-Make parallel or stem-christie turns on 35° groomed or firm snow. 
    -Side-slip on firm slopes up to 35°.
    -Ski black diamond runs at ski areas efficiently and in most snow conditions.

    *If you are concerned about being joined with other skiers of different abilities then we recommend joining a Private program.

Equipment

  • Do I bring my own skis?

    You can if you like, but we do have a good fleet of Völkl high performance skis that we encourage you try out.  Please be sure to bring your boots, and better yet in carry on luggage in case your bags get lost on the way. As for type of ski best suited for our conditions a mid fat to fat ski, and not to soft, would be the ideal. If you take your skis to the shop for a tune up before your trip make sure to ask for a warm temp wax. We do have a good ski shop for repairs and hot waxing at the lodge in case of repairs or someone not advancing downhill due to the No Wax problem.

  • What equipment is included?

    All of our Iceland heli-skiing programs include skis and avalanche safety gear.  Our avalanche safety gear includes an avalanche airbag, transceiver, shovel and probe.

  • Do you have ski boots available?

    We do have a small selection of ski boots at the lodge intended for emergency use only.  We ask all guests to bring their own ski boots as it is much more comfortable to use your own. We also recommend that guests put their boots in a carry-on bag to ensure there are no problems.  

Accommodation

  • Can non-skiers come along?

    Yes we can accommodate a certain number of non skiers at the lodge and they are more than welcome to join you on your heli ski trip. There are plenty of interesting activities around, but simply relaxing at the lodge or in one of the regions geothermal baths will usually do just fine. Advice us at the time of booking if a non-skier would like to join the group and we will do our best to accommodate you.

  • What about skiers with special dietary needs?

    Please advise us by making note of any special needs or allergies on your booking form when reserving your trip. If we know in advance we can prepare and accommodate you no matter what your dietary needs are. The only food not readily available in Iceland is Kosher food.

  • Is single accommodation available?

    Our programs are based on double occupancy with the exception of our Ultimate Private program, Private programs run out of Hjalteyri Hotel, and Greenland Heli Skiing programs. We do have 2 single rooms available in the main house at Klængshóll with a shared bathroom. For example if there is group of 4 guests and 2 guests would like single accommodation it is possible for 1 guest to have a single cabin and the other guest to sleep in the main house. If the group agrees on this arrangement then there is single room supplement applied.  For guests traveling alone we do our best to accommodate you in a single cabin however this is not always possible and we may place you in the main house.  There is no single room supplement charged in this instance.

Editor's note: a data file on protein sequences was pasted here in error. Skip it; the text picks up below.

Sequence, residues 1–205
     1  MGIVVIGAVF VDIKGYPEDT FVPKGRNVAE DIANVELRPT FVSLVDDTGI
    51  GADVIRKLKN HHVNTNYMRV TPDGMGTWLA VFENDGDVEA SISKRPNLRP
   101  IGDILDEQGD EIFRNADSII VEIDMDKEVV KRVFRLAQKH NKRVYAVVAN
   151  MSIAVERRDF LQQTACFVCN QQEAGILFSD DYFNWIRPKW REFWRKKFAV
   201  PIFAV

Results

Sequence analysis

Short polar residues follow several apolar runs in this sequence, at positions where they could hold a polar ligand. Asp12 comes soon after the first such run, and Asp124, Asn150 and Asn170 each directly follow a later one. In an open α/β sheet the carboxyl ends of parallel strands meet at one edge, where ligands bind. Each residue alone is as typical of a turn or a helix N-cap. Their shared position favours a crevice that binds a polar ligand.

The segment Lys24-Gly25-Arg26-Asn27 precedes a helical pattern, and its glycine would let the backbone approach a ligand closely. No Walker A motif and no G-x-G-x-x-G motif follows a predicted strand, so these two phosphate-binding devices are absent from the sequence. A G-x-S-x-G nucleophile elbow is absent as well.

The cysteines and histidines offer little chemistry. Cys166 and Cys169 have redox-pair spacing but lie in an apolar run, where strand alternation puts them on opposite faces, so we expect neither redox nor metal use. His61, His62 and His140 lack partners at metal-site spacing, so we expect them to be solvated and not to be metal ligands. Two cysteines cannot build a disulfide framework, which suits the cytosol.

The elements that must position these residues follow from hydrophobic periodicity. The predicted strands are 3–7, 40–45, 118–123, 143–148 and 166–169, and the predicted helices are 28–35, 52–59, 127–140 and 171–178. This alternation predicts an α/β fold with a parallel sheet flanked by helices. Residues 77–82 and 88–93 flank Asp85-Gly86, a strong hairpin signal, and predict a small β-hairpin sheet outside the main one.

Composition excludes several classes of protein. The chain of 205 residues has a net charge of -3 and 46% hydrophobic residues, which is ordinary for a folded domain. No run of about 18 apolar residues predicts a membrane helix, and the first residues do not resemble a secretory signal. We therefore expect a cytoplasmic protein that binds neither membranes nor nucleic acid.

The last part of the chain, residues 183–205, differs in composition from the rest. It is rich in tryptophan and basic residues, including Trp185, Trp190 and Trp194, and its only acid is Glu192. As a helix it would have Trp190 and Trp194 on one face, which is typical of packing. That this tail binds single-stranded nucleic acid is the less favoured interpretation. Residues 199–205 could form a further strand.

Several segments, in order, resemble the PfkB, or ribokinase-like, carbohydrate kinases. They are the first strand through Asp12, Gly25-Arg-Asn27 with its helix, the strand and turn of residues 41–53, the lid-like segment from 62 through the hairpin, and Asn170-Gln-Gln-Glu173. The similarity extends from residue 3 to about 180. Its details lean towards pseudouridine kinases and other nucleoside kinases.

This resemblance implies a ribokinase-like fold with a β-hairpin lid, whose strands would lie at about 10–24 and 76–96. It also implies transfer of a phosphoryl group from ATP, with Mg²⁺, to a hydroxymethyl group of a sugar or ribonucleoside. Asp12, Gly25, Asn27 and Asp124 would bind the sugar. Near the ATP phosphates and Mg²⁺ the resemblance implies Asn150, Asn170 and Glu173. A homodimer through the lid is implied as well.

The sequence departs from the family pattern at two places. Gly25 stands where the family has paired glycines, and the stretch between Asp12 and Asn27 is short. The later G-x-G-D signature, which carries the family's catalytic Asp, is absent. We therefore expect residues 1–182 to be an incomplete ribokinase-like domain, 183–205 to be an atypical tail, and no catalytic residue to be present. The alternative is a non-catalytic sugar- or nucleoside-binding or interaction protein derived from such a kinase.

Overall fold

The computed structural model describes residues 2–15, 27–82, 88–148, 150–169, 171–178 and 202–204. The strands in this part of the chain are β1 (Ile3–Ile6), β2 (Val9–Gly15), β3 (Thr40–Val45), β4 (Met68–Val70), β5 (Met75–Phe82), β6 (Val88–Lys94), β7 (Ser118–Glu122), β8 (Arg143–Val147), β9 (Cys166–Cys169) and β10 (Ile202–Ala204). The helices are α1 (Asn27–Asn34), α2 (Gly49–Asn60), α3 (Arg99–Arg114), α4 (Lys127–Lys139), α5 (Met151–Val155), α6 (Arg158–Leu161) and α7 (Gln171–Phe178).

• What is the food like?

    The meals provided are typical of Iceland. Breakfast includes a large variety of options from muesli and yogurt, to freshly baked bread, hard boiled eggs, and lax. Lunches (typically eaten in a well chosen lunch spot while out skiing) include delicious soups, sandwiches, tea, coffee and plenty of yummy snacks to keep you fueled for skiing and snowboarding. For the dinner the focus is on local products such as organic lamb, fresh fish and game meats such as goose, with great emphasis on using what nature provides in the region. 

  • Is there cell phone coverage and internet at the lodge?

    All of our accommodation options are equipped with high speed internet and free Wi-Fi for guests and there is also cell phone coverage. 

Guides

  • Are the guides experienced heli ski guides?

    Our guides are all certified to the highest industry standard in the world. They are for the most parts Canadian trained and work heli ski guiding in Canada the birth place of heli skiing in the winters. Arctic Heli Skiing operates in accordance with Canadian heli skiing standards.

Helicopters

  • What happens if the weather is bad?